The Bush Record - Global Warming Environment2004's report
- The Bush Record - Global Warming
The following material is excerpted from Environment2004's report The Bush Environmental Record: An Unprecedented Assault on our Health and Heritage. A complete version of this report which includes references and annotations may be downloaded in PDF format by clicking here.
Scientists say that unless global warming emissions are reduced, average temperatures could rise another 3 to 9 degrees Fahrenheit in the United States by the end of the century, with far-reaching effects:
Higher temperatures will worsen air pollution.
Sea levels will rise, flooding coastal areas.
Heat waves will be more frequent and intense.
More droughts and wildfires will occur in some regions, more heavy rains and flooding in others.
Species will disappear from historic ranges, as habitats are lost.
The American public understands that global warming is a pollution problem and that, like other pollution problems that we have licked in the past, global warming is a problem that we can solve with American ingenuity and new technology. Americans also understand that we cannot rely on big polluting industries to clean up voluntarily. Three-quarters of Americans support "mandatory controls on carbon dioxide and other greenhouse gas emissions," according to the Gallup poll.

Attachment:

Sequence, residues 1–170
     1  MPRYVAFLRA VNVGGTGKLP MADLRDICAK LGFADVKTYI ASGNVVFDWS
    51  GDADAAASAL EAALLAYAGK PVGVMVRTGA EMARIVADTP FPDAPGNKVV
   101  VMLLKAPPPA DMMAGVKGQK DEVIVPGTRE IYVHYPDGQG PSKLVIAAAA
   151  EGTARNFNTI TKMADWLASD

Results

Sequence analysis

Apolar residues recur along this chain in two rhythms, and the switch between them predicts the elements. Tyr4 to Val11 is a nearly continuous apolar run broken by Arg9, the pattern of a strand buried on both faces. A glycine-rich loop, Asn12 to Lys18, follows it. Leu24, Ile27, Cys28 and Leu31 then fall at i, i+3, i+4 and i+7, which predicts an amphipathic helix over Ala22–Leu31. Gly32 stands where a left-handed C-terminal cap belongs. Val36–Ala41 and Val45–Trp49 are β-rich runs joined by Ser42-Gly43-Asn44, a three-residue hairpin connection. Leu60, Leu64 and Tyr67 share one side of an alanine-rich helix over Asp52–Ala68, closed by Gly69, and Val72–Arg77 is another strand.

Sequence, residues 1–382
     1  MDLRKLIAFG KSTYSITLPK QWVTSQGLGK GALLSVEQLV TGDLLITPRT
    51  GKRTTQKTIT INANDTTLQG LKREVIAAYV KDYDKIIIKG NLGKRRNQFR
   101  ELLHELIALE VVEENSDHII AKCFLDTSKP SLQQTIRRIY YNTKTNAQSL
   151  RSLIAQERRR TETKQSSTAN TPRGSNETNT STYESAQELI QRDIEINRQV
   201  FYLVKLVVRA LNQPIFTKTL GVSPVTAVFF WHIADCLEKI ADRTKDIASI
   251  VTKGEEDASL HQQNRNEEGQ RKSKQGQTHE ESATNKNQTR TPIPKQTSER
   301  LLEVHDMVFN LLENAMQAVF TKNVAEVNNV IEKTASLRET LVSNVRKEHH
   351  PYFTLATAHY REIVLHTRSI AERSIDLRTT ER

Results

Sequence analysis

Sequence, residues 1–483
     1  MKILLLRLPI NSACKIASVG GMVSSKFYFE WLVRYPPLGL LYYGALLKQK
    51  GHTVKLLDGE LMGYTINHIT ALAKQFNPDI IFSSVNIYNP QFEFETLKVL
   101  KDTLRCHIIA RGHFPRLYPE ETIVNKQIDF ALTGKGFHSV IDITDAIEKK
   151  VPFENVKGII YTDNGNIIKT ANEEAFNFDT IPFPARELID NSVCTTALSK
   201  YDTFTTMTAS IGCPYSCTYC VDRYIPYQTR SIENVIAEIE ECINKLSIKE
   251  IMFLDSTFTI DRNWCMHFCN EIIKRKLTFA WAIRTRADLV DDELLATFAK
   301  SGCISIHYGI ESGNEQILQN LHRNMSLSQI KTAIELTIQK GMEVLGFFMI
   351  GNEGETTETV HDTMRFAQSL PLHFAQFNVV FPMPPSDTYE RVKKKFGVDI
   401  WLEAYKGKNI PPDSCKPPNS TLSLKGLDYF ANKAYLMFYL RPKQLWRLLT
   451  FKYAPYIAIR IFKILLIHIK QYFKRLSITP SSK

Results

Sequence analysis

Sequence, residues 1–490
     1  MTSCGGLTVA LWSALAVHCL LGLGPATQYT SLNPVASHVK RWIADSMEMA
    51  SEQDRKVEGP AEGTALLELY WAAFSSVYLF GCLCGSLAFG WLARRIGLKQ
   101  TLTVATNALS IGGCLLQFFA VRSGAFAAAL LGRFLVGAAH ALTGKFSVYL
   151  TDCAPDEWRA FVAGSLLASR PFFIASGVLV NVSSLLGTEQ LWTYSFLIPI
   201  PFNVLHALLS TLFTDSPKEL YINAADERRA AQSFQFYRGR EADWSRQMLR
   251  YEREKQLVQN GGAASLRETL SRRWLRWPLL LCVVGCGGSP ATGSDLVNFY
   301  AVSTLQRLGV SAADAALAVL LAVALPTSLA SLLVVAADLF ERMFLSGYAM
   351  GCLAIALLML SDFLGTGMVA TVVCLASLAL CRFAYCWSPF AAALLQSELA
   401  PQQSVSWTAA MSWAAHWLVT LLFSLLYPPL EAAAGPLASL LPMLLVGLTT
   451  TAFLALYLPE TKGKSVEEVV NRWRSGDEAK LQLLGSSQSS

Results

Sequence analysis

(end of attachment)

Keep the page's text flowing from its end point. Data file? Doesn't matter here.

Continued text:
But instead of taking action to curb global warming pollution, the Bush Administration suppresses science and distorts economics. Playing to his coal, oil, and auto industry constituents, President Bush rejects the scientific consensus articulated by the Intergovernmental Panel on Climate Change (a scientific body created by the first President Bush) and the National Academy of Sciences (in a report requested by the current President himself). Instead, the President follows his pollster's advice to exaggerate uncertainties and call for years more study. And even after the electric power industry pledged to increase its carbon pollution even faster than the Department of Energy projected, President Bush calls for total reliance on voluntary industry measures. The White House routinely withholds scientific and economic findings from the public and Congress, even suppressing and censoring reports by its own government agencies.
Most businesses know something needs to be done and expect that something will be done in the future. The Bush administration approach-pretending we can avoid meaningful action for the next decade-only makes business investments more uncertain for American companies. This puts us at a disadvantage relative to our competitors who have already made decisions about how they will respond.
The Bush Record
Letting Polluters off the Hook
Two months after taking office, President Bush retracted a campaign promise to support new laws that would reduce carbon pollution from power plants. Soon thereafter, the Bush Administration withdrew from the Kyoto Protocol - the global treaty calling for reducing carbon pollution - even though the United States is the single largest source of global warming pollution (one quarter of the world's emissions).